Parental Involvement Can Help Control School Bullying
With the first day of school less than a month a way, it's a great time for child and parents to think of more than school supplies and take a refresher on bullying prevention. NY1's Amanda Farinacci filed the following report.
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Twelve-year-old Sal Sportiello says he's never been bullied himself, but he has seen it happen often at his school in South Beach, Staten Island.
"There was a bully bullying a kid and I was passing by and I overheard, so I jumped in and I said to the bully, 'Does this make you feel good about yourself?' He didn't answer me and he backed off," says Sal.
This eighth grader's story is all too common in schools across the country. And while the victim Sal helped eventually became his best friend and stopped being targeted by bullies, the stories don't always have happy endings.
According to Family First Aid, a not-for-profit aimed at helping troubled teens, roughly 30 percent of teens — more than 5.5 million across the country — are estimated to be involved in school bullying, as either a bully or a target.
"Consequences of bullying can be very detrimental in various ways, from low self-esteem to lack of interest in continuing regular activities, lack of interest in school, frank school phobia, depression, suicide," says Dr. Saidi Clemente, a developmental behavior pediatrician.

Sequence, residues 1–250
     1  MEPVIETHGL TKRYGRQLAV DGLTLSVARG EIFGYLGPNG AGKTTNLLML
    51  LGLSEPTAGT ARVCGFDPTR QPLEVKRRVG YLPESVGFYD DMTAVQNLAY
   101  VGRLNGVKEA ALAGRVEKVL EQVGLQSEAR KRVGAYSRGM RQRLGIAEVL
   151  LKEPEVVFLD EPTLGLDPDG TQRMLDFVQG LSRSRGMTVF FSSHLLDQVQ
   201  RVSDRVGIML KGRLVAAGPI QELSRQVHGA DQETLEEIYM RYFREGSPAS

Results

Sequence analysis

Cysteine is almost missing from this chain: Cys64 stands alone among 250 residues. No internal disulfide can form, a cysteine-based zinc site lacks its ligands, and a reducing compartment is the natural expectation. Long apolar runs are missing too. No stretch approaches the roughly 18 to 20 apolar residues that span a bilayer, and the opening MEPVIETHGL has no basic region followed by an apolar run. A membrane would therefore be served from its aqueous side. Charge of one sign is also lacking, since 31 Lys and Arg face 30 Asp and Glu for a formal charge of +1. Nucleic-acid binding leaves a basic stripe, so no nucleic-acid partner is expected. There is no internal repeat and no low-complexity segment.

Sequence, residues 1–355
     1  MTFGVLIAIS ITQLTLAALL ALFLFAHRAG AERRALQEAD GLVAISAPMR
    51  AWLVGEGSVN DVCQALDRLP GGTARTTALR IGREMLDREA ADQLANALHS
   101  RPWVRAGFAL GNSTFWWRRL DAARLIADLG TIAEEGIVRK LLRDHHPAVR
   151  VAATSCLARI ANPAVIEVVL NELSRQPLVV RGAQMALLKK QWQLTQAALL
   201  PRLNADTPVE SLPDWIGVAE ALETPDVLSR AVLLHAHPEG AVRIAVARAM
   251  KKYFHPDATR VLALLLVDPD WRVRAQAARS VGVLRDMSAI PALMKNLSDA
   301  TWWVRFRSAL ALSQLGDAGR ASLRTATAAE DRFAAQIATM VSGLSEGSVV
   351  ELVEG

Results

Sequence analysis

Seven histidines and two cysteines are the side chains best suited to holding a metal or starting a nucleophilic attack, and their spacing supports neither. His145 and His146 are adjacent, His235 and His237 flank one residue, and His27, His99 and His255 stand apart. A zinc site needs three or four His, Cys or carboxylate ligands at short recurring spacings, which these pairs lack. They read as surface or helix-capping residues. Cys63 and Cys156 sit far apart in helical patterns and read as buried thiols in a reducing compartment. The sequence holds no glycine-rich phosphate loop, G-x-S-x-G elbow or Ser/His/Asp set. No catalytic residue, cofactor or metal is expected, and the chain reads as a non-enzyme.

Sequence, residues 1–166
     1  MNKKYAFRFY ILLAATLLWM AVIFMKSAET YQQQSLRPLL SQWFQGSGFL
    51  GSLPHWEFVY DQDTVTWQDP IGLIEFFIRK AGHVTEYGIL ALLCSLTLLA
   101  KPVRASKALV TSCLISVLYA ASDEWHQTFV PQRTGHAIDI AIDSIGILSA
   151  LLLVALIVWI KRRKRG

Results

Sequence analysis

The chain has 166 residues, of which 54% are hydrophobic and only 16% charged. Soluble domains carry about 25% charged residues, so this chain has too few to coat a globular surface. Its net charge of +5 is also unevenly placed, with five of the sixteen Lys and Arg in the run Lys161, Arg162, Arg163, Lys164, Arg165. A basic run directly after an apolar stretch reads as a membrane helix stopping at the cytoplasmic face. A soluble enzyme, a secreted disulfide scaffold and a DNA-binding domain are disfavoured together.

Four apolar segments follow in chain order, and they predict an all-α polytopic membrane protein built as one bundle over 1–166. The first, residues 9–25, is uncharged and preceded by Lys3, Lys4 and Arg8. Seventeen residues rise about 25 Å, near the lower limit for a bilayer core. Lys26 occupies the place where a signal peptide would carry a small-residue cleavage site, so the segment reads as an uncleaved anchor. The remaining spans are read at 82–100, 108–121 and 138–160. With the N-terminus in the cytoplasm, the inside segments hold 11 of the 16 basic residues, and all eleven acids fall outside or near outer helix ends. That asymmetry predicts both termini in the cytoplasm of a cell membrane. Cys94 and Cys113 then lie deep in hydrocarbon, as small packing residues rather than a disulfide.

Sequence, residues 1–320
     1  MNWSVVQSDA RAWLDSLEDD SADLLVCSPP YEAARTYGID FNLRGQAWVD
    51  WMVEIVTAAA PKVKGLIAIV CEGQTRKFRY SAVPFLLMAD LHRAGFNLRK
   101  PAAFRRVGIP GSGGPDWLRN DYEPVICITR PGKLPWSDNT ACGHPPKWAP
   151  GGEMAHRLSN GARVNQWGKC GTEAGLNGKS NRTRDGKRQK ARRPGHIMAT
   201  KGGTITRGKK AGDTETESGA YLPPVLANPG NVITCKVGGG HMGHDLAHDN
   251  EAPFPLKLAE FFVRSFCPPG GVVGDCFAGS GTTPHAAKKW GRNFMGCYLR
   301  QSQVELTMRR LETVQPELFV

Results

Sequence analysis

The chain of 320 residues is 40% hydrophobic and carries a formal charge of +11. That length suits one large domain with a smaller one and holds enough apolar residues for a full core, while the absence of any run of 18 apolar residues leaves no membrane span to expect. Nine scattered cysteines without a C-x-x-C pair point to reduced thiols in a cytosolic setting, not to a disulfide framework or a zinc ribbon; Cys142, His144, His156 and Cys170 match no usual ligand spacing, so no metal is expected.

The doctor urges parents to look for some tell-tale signs of bullying — bruises, changes to the child's appearance or trouble sleeping.
A child with extreme aggression may be a bully, and parents should see how that child handles his or her emotions.
Advocates say the easiest and most important thing parents can do to help prevent bullying is simply talk to their child.
Belinda Mendez-Azzollini began the not-for-profit Just Be Me! two years ago to help parents and kids with those conversations.
"Life isn't perfect, we know that. We know there's always going to be a problem. But we're trying to teach and enforce in our young people to come up with solutions to be proactive and empower them," says Mendez-Azzollini.
Other keys to prevention for parents include getting involved with their children, monitoring online activities and cellphone use, meeting their children's friends and teaching their children how to handle their emotions.